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  1. #1
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    Logging road wilderness

    I live on my sailboat and am frequently in BC wilderness where there are old logging roads which I would like to explore by bike. I am shopping for a bike and saw a Giant Yukon Manitou model for sale. I could find no reference to model Manitou. Have you heard of this model. I am seeking a mountain bike suitable for these rough old roads and also a trailer to tow behind the bike. If you are riding similar terrain perhaps you could let me know what and how your rig is working out for you.... Many thanks...

  2. #2
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    The Manitou would be the fork brand name, the Giant Yukon came with a Manitou Six Sport fork in 2003. That's getting to be an old bike, it would likely need some work to make it trail worthy. It was a recreational hardtail so was light duty and fairly inexpensive in 2003. It should be fine for fire/logging roads, but you'll likely be taxing the drivetrain and brake components hauling a trailer on rough terrain

    2003 Giant Yukon - BikePedia
    I'm a member of NSMBA and IMBA Canada

  3. #3
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    Thanks RUH....

    ....good info... appreciated. Just wondering what would be a rugged enough bike to handle a bike trailer and logging roads in mid range pricing...

    2003 Giant Yukon - BikePedia[/QUOTE]

  4. #4
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    You'd want a bike with a minimum of Shimano Deore or Deore LX drivetrain (Shimano gear, in increasing order of quality & price, goes Deore / Deore LX/ Deore XT / XTR), or SRAM X-7 or X-9 drivetrain (SRAM product runs X-5 / X-7 / X-9 / X-0). Shimano has a bunch of lower end products like Acera and Alivio that are really for rolling around urban areas, even though they show up on cheaper mountain bikes.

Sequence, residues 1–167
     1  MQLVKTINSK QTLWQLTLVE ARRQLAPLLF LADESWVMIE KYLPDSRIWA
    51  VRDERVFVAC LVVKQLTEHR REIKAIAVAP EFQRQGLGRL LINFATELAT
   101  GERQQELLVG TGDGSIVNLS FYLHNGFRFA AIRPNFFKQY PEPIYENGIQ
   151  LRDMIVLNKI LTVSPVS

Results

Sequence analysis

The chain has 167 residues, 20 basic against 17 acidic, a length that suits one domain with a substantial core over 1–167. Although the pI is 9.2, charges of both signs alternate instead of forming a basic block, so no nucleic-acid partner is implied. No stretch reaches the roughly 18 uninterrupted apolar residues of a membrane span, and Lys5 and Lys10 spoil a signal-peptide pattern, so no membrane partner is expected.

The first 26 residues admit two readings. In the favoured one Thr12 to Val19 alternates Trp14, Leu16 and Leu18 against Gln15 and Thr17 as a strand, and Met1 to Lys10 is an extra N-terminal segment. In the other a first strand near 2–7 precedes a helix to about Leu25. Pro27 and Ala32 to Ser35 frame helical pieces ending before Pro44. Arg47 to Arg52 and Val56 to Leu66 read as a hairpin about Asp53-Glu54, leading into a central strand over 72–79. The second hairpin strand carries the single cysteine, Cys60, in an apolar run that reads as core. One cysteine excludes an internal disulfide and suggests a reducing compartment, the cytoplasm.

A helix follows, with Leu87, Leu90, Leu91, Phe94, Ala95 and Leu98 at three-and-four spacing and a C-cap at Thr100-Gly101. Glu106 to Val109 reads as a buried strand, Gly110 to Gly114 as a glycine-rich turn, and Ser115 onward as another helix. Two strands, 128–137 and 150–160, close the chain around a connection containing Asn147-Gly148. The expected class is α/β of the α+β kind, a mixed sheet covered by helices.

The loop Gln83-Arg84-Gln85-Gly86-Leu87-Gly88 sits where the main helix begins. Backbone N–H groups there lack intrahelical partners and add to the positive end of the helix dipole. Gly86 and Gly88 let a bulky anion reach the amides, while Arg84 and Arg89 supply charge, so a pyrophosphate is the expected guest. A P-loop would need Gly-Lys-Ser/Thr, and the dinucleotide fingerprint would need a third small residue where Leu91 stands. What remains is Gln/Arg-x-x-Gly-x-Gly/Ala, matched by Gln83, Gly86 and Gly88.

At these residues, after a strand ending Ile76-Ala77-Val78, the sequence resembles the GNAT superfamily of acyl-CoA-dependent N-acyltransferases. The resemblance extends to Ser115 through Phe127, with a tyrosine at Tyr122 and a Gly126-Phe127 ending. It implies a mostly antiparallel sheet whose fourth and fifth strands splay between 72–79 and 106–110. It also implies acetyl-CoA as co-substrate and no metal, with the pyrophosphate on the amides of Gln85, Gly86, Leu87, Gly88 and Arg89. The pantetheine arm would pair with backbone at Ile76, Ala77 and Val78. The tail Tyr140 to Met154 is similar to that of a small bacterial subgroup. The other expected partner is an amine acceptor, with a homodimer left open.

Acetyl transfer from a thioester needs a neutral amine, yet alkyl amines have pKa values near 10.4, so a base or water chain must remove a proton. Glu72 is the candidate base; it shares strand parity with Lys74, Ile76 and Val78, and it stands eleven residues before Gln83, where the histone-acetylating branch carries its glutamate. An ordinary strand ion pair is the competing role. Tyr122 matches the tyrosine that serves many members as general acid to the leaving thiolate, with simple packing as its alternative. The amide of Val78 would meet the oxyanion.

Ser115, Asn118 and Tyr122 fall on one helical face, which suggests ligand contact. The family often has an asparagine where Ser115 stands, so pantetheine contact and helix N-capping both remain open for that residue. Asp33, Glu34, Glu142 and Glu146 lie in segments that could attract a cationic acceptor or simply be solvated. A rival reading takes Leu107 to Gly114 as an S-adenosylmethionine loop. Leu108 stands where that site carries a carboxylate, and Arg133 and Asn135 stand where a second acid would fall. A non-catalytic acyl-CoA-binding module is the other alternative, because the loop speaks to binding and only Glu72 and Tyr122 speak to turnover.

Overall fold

Those will increase the likelihood that you won't have the gears fold up or explode climbing a hill 20km from your boat.

    And you want some name brand brakes, so either Shimano or Avid brakes.

    All the frames are about the same quality in the price points you're looking for, so it's wheels, fork, drivetrain, and brakes that determines the price.

    If you're buying used, any bike over 5 years old that has been ridden a lot is likely going to need a fork service, and likely brake and drivetrain freshening up (pads/chains/gears/cables), so add in $150-$200 to what you see as the purchase price to bring the bike back to being reliable. People usually sell stuff because it is about to cost them a bunch to service.
    I'm a member of NSMBA and IMBA Canada

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